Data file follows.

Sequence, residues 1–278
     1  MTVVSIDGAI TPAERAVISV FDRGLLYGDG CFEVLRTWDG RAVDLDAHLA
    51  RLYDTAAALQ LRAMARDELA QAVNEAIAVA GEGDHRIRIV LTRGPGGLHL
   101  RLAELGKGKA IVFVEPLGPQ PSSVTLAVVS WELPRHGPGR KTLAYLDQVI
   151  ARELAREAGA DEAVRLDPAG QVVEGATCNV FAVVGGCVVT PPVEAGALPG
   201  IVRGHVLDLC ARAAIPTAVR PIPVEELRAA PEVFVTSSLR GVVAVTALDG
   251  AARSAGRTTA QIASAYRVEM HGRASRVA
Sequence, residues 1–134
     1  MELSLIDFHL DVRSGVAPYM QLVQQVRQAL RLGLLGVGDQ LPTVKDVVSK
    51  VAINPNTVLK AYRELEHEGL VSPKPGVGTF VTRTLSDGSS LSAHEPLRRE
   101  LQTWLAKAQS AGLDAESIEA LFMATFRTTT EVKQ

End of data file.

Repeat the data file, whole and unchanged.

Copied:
Sequence, residues 1–278
     1  MTVVSIDGAI TPAERAVISV FDRGLLYGDG CFEVLRTWDG RAVDLDAHLA
    51  RLYDTAAALQ LRAMARDELA QAVNEAIAVA GEGDHRIRIV LTRGPGGLHL
   101  RLAELGKGKA IVFVEPLGPQ PSSVTLAVVS WELPRHGPGR KTLAYLDQVI
   151  ARELAREAGA DEAVRLDPAG QVVEGATCNV FAVVGGCVVT PPVEAGALPG
   201  IVRGHVLDLC ARAAIPTAVR PIPVEELRAA PEVFVTSSLR GVVAVTALDG
   251  AARSAGRTTA QIASAYRVEM HGRASRVA
Sequence, residues 1–134
     1  MELSLIDFHL DVRSGVAPYM QLVQQVRQAL RLGLLGVGDQ LPTVKDVVSK
    51  VAINPNTVLK AYRELEHEGL VSPKPGVGTF VTRTLSDGSS LSAHEPLRRE
   101  LQTWLAKAQS AGLDAESIEA LFMATFRTTT EVKQ